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lolerskates
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My FMG friend believes that he doesn't get many referrals because other physicians know he's Indian by his name. Perhaps he is a bit paranoid, but he got me thinking more about the topic of discrimination in medicine. I'm a D.O. and am really interested in neurology. From what I've read in Iserson's and Lange, Neurology is a consult/referral based specialty. Would being a D.O. be disadvantageous to me as a Neurologist?
 

bustbones26

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My FMG friend believes that he doesn't get many referrals because other physicians know he's Indian by his name. Perhaps he is a bit paranoid, but he got me thinking more about the topic of discrimination in medicine. I'm a D.O. and am really interested in neurology. From what I've read in Iserson's and Lange, Neurology is a consult/referral based specialty. Would being a D.O. be disadvantageous to me as a Neurologist?
Nope! You'll be fine. My personal experience is that this all depends on where you practice. When I went to osteopathic medical school in PA where there are two DO school, the entire state was flooded with DOs. Nobody every thought twice about it, a doctor was a doctor. Whenever I started my residency in WA, then it was kind of like, "Oh, what exactly do you guys do?" Trust me, I am a neuro resident and I have staff that are genuinely concerned that I will hurt patients and give everybody a vertebral dissection.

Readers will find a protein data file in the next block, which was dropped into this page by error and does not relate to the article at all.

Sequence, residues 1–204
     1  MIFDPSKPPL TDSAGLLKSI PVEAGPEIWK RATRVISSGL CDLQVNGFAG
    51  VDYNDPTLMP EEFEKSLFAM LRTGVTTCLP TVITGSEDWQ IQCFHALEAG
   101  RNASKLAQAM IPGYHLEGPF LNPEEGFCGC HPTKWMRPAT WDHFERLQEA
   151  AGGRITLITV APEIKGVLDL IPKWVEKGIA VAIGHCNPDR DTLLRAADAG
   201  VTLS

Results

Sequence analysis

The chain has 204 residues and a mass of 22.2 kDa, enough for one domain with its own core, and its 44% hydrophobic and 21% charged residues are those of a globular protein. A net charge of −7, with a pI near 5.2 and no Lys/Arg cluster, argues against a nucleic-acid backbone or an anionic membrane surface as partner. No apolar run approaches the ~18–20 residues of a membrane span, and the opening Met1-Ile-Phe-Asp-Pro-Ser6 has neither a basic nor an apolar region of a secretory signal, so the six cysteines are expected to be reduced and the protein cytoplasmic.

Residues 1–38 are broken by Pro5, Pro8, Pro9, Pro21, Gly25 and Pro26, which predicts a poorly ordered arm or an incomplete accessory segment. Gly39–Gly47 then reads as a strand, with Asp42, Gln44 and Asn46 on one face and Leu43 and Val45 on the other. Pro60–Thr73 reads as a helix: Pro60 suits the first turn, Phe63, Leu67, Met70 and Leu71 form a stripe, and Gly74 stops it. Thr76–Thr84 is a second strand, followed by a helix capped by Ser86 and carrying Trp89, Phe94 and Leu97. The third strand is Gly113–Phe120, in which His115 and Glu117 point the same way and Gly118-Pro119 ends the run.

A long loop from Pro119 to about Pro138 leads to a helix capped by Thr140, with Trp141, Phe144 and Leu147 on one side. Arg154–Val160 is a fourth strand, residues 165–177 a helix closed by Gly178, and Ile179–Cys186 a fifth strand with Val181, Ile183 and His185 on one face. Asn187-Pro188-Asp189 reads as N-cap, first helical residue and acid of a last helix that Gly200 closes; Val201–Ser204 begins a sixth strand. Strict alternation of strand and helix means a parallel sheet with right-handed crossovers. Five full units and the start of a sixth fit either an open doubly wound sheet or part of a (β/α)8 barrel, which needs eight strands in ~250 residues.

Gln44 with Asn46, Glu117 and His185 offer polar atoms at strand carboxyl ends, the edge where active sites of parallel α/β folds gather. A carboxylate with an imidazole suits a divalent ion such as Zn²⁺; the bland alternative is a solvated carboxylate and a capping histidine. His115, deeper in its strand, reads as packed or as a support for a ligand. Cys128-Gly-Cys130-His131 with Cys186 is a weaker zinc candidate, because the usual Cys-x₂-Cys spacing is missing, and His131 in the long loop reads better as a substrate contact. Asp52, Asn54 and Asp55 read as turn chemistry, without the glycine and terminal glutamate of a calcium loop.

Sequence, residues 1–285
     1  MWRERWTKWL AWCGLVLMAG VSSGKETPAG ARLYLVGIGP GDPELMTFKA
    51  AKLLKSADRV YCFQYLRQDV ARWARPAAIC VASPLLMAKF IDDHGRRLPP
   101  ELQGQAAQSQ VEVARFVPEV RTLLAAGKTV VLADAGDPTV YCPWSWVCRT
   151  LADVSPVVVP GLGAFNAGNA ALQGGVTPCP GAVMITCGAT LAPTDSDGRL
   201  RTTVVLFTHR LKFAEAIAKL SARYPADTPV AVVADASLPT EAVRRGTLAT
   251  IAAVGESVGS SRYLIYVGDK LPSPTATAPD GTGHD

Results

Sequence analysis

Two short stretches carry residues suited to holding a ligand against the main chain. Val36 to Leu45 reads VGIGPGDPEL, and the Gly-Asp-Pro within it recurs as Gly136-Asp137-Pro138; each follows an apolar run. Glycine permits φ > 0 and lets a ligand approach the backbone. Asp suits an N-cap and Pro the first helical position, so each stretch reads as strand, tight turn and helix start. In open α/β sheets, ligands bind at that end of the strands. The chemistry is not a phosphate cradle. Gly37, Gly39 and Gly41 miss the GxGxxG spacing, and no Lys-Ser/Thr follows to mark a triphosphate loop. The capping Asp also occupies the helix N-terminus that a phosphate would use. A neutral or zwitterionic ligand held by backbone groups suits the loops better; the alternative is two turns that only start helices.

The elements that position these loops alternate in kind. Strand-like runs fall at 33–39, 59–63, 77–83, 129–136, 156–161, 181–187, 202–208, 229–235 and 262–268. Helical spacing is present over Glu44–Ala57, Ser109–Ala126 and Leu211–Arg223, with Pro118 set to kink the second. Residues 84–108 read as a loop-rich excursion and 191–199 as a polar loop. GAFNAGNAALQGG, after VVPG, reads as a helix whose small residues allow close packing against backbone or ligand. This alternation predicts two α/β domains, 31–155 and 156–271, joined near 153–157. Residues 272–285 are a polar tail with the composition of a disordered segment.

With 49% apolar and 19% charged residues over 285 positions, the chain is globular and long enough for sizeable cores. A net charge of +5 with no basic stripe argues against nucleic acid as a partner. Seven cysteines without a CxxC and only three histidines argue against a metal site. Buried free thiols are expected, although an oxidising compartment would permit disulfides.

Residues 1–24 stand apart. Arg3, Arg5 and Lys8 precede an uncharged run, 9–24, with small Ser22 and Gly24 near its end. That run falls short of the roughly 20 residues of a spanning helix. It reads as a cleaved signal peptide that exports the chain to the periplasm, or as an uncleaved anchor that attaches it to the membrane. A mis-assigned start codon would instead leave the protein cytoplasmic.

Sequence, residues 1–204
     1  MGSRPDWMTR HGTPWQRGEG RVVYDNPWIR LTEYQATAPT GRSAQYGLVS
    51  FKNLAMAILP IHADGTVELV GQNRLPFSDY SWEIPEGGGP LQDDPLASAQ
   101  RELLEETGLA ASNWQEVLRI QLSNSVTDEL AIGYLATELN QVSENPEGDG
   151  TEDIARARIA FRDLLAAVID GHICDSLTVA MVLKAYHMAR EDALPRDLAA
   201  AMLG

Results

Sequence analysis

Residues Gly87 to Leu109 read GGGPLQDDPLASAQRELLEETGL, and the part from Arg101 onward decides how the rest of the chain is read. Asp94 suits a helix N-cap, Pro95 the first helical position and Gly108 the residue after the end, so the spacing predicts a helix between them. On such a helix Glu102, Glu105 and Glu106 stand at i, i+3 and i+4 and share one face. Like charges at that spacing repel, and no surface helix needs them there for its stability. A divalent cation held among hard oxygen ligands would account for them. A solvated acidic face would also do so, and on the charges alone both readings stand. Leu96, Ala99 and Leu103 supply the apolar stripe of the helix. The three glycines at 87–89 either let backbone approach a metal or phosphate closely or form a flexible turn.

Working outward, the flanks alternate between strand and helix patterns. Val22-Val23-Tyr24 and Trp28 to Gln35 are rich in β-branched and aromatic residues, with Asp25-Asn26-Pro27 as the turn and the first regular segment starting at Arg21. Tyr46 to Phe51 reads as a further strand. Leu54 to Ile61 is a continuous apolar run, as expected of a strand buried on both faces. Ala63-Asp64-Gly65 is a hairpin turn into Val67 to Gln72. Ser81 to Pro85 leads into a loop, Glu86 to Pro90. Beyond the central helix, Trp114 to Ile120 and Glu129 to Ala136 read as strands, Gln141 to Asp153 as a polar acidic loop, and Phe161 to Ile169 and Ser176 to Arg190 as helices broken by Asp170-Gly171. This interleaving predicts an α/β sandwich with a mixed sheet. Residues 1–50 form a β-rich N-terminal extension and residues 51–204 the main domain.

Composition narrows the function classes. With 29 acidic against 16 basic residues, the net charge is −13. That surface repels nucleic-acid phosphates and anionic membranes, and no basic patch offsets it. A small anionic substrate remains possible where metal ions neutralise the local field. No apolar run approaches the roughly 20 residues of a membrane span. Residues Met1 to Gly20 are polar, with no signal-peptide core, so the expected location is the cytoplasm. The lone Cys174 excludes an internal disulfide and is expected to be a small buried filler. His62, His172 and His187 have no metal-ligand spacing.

My take is this, osteopathic medicine is kind of like "Lewis and Clark" or the "Great Frontier". It is slowly heading westward to the pacific.

As far as your friend, does he have competition? It sounds like he does. There may be more to it than just him being indian.
 

buckley

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Well, most of clinical medicine is consult/referral based, when I think about it, so I don't think it's isolated in Neuro.